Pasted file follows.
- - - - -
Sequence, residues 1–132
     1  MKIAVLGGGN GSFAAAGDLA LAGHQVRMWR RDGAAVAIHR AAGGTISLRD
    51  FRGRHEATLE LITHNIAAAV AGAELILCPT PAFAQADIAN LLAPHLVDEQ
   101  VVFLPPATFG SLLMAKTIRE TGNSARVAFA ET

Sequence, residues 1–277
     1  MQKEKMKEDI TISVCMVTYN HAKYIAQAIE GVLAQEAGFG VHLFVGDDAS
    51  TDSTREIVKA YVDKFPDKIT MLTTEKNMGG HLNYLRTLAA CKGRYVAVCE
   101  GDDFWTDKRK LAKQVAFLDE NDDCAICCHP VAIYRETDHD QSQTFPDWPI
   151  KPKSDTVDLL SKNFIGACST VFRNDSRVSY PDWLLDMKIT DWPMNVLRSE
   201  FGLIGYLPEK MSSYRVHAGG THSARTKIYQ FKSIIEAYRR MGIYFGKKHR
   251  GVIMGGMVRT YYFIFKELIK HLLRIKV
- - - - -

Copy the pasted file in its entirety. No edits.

Sequence, residues 1–132
     1  MKIAVLGGGN GSFAAAGDLA LAGHQVRMWR RDGAAVAIHR AAGGTISLRD
    51  FRGRHEATLE LITHNIAAAV AGAELILCPT PAFAQADIAN LLAPHLVDEQ
   101  VVFLPPATFG SLLMAKTIRE TGNSARVAFA ET

Sequence, residues 1–277
     1  MQKEKMKEDI TISVCMVTYN HAKYIAQAIE GVLAQEAGFG VHLFVGDDAS
    51  TDSTREIVKA YVDKFPDKIT MLTTEKNMGG HLNYLRTLAA CKGRYVAVCE
   101  GDDFWTDKRK LAKQVAFLDE NDDCAICCHP VAIYRETDHD QSQTFPDWPI
   151  KPKSDTVDLL SKNFIGACST VFRNDSRVSY PDWLLDMKIT DWPMNVLRSE
   201  FGLIGYLPEK MSSYRVHAGG THSARTKIYQ FKSIIEAYRR MGIYFGKKHR
   251  GVIMGGMVRT YYFIFKELIK HLLRIKV